I have always hated being one of the crowd. For as long as I can remember, it was always imperative to me to maintain some semblance of difference from the “unwashed masses” who listened to the same music, who read the same books, who did the same things in their spare time.
I fought hard against being the same as anyone else. If you told me everyone liked the color blue, I would have told you I hated it (even though I have no feelings whatsoever for the color blue). If you told me everyone was drinking white wine, I would have preferred red, for no other reason than that everyone was drinking white.
Of course, after a time, this default setting of mine to be different made me forget that sometimes I really did agree with the majority. Sometimes I found myself swaying to Britney Spears, reading and enjoying John Grisham novels whilst drinking white wine. Sometimes I found myself hating that I loved something, simply because everyone else loved it and that made me normal.
That’s the crux of the thing, of course. I have never wanted to be normal. That was like a swear word to me from day one. I wanted to be seen as different, as being somehow apart from whatever was going on in society. I wanted people to look at me and see someone special, not just because “everyone is special,” but because I really and truly was. I railed against everything considered normal, saving my real thoughts for the privacy of my singular company.
It wasn’t until I was in my mid-20’s before I realized just how much the whole act of “not being normal” took away from me. I was always the guy who “discovered” a new band, and when the majority found them too I was out, and on to the next thing. I was always the one who had a brilliant idea, and when everyone started listening to it decided it was passe, and I was on to the next thing.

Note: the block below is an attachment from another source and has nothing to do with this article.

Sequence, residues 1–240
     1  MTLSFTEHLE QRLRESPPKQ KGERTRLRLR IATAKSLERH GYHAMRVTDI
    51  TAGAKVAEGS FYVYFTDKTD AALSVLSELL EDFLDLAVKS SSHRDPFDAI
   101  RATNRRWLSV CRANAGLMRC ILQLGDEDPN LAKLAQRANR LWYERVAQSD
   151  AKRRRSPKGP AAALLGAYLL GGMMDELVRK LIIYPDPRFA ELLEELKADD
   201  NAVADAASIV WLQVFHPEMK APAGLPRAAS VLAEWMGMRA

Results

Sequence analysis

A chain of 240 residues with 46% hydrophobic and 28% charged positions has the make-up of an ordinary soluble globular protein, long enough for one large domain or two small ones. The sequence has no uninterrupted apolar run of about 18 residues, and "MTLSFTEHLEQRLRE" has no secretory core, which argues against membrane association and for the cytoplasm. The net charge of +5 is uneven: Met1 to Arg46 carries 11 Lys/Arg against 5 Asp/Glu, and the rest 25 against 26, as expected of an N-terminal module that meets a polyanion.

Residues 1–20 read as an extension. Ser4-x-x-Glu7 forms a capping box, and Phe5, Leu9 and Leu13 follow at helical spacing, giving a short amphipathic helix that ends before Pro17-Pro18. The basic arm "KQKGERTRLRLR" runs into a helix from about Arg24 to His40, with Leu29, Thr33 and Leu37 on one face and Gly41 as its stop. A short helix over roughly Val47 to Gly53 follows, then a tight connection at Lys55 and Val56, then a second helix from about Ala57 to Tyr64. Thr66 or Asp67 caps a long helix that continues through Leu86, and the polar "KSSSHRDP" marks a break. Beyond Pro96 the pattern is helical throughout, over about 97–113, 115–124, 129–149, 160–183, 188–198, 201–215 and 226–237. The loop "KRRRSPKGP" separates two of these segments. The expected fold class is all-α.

So, when I realized it was detrimental to me and my well-being, I wanted to push away from it. I wanted to embrace whatever I liked, no matter how others felt about it, but I didn’t know how. I had this whole thing ingrained in my brain for so long it was like I forgot what I really did and didn’t like. I had to retrain my mind and my mouth to adjust to a brave new world. It was like facing my fears and coming out on the other side.
It was brutally difficult. But eventually I did it. Eventually I admitted to being the biggest Taylor Swift fan on the planet. Eventually I decided I did like ketchup with my fries. Eventually I became more confident in my choices, regardless of how many or few people liked whatever those individual choices of mine happened to be. I made my peace with everything about me.
And I am special, but so is everyone else. My pride in myself can’t be contingent upon how obscure my preferences are. That’s no way to live. No one can live like that and be satisfied. That’s what it boils down to — I wasn’t satisfied with who I was portraying myself as, with the person I always had the power to banish from my world. I just had to make it happen, and the whole world opened up to me.
It’s okay to be one of the crowd.